Rissa knew her cousin asked partly to help her out where Skylar was concerned, and she was grateful. With Skylar watching the kids under Maura's supervision on weekends, she could work at the diner and not worry, plus it freed Maura to do other things for brief periods of time.

Tonight she'd noticed the library was directly across the street from the diner. And three nights a week they didn't close until nine o'clock. She didn't like leaving Skylar unattended in a public place, but considering North Star held the equivalent population of the local mall back home, she figured a few hours in the library with her next door would be fine.

Rissa slowed to a stop outside Jake and Maura's newly built house. The lights were on in the kitchen, and inside she saw her daughter's dark head and pale skin. Her fingers tightened on the steering wheel. Was she putting too much pressure on Skylar to make amends
for the thousand dollars? Maybe she should let the credit card thing drop?

Skylar had done wrong. She needed to be held accountable and work off the expensive charge, at least a large portion of it. Skylar was just lucky she hadn't reported the card stolen.

And the belly button ring?

She collapsed against the seat with a groan. Like it or not, she wasn't her military father who would've walked up to her and yanked it out by force.

“Stop worrying. Maura said that Skylar has been great with the kids.”

Rissa started and glanced out her lowered window to see Grace walking toward her car. “What are you doing out here so late?”

The other woman laughed, the sound sheepish. “Maura called earlier to say she was working on a new dessert for our special guest and after thinking about it the last couple hours, I decided maybe I should taste-test it. What can I say, the chocolate is calling me.”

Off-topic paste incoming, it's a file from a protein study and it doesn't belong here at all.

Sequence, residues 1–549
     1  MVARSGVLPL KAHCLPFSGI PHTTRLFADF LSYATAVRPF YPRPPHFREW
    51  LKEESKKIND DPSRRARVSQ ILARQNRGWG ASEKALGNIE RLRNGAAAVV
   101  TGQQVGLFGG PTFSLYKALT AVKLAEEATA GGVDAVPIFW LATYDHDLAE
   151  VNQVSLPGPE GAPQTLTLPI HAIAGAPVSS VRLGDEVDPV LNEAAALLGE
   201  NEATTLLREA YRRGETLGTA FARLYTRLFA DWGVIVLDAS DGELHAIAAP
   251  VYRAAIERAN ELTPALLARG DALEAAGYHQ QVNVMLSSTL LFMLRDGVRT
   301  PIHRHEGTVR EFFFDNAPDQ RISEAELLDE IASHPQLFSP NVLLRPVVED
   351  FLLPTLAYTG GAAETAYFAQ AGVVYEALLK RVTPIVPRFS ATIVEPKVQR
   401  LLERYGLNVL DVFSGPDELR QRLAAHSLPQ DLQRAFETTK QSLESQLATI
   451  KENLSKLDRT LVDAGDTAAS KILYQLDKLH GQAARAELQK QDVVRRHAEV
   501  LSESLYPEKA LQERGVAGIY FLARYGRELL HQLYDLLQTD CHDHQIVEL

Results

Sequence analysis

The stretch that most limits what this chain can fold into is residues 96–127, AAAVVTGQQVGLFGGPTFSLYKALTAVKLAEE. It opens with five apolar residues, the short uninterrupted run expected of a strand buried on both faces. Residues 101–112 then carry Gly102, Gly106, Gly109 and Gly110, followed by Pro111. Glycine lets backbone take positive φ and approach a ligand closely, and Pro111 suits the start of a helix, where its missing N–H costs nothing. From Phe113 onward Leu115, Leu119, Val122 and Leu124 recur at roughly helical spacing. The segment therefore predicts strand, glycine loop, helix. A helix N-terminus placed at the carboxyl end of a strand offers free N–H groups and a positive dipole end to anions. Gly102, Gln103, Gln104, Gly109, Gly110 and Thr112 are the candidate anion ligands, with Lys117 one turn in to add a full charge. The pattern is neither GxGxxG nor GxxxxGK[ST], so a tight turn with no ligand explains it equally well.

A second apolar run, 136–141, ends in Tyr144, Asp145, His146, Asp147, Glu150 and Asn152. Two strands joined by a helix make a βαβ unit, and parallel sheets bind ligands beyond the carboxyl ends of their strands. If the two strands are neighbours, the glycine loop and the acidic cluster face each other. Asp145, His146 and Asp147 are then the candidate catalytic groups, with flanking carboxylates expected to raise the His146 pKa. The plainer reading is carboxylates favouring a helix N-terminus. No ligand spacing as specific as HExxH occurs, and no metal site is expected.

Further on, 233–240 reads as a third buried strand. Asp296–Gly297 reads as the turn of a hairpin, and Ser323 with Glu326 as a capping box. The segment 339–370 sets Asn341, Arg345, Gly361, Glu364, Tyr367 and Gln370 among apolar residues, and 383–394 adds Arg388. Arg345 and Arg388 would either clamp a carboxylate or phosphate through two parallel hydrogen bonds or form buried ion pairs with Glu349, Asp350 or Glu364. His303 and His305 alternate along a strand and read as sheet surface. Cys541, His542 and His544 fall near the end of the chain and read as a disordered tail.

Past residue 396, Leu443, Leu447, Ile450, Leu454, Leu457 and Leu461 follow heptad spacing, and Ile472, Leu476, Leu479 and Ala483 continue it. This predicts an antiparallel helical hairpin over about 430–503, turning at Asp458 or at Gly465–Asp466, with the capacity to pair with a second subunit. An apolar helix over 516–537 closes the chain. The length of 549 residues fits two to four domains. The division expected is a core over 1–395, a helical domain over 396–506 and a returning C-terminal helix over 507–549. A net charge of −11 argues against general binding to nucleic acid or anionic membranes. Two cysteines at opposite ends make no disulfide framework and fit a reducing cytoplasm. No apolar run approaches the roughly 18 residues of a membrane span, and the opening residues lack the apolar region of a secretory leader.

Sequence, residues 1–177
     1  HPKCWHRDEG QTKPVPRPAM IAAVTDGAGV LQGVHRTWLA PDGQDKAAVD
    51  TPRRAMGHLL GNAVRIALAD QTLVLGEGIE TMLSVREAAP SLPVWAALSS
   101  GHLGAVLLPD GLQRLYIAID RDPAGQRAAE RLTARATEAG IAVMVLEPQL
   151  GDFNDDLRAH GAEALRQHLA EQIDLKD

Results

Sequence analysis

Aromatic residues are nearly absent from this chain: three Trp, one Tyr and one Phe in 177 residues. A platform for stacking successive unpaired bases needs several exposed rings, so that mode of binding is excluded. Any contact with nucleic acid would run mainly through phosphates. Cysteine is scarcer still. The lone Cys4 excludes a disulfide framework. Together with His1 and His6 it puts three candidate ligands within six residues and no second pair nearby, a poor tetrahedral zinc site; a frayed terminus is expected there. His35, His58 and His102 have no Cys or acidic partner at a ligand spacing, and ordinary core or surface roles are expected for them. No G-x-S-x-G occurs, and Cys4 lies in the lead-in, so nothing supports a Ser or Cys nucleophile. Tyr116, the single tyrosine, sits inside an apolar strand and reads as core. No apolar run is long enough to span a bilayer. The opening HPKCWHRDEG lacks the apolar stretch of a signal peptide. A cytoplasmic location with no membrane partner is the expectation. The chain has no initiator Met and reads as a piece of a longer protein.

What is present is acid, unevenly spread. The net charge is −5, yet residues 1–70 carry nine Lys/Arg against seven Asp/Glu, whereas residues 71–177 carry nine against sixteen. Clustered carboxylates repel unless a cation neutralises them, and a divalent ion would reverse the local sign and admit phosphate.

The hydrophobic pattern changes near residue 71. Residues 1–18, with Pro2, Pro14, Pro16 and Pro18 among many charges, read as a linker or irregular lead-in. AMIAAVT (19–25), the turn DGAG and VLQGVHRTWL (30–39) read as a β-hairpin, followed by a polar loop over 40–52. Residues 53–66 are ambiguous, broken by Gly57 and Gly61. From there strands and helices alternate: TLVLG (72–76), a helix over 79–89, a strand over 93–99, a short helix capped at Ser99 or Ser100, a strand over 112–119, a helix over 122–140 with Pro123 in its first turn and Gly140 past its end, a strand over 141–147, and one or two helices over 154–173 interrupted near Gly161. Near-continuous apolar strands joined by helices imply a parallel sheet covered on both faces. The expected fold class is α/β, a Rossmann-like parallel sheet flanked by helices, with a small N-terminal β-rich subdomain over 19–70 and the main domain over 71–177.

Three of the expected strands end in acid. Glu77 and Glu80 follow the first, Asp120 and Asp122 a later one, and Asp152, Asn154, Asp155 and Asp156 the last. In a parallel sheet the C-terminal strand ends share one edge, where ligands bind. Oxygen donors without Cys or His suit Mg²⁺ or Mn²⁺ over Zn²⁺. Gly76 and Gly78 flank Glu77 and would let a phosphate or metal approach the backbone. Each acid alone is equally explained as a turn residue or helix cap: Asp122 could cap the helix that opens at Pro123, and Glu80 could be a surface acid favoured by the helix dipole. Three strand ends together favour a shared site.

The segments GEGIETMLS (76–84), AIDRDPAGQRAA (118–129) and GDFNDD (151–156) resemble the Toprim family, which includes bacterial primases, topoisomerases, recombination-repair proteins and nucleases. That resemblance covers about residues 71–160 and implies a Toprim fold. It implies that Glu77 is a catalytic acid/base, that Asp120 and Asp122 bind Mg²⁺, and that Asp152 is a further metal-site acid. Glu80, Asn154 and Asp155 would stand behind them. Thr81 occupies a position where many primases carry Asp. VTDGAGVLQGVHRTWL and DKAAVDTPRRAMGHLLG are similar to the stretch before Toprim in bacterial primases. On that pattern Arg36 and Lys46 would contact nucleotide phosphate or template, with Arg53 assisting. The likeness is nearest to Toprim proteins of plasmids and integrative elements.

Rissa laughed and shut off the engine. “Count me in,” she said, getting out of the vehicle.

Grace's gaze narrowed on her face. “You look tired, Rissa. You can only burn the candle at both ends for so long. Trust me. I know you need the cash, but remember to take care of yourself. It's been a hard year for you, and a person can only do so much.”

They fell into step side by side but when they reached the porch, Rissa paused.

“Something wrong?” Grace asked.

Rissa shook her head, watching Skylar through the window. Jake had walked into the room and handed Skylar a bottle, keeping another for himself. He plucked
one of his sons into his arms and settled into a nearby chair, but Skylar sat there and her bemused expression slowly turned into a coaxing, gentle one replete with a fleeting smile when her charge spied the bottle and rolled onto his knees to crawl to her.

“See? She's coming around. Kids are great judges of character, and Lexi already thinks the world of her—the boys, too. Grief takes time, but she's getting better. Right there's the proof.”

“Tell that to the school officials,” she muttered drearily. “And the town. They've already condemned her. It's all over town how some vampire girl is beating up poor innocent victims.”

“They'll forget once she settles down.”

“Maybe.” She brushed her hair away from her face, but the night breeze blew it right back again. “Grace…yesterday Maura mentioned you've taken quite a few classes to get your psychology degree?”

“I have, but not to practice or anything. They give me a better understanding of my patients and…I'm training to begin a women's support group for domestic violence and victims of violent crimes. This area doesn't have one.”

“Wow. That's wonderful. I've volunteered to help out here and there with different causes, but never with something like that. I wouldn't know what to say, and I know I wouldn't know what to do if I was ever faced with that kind of situation.”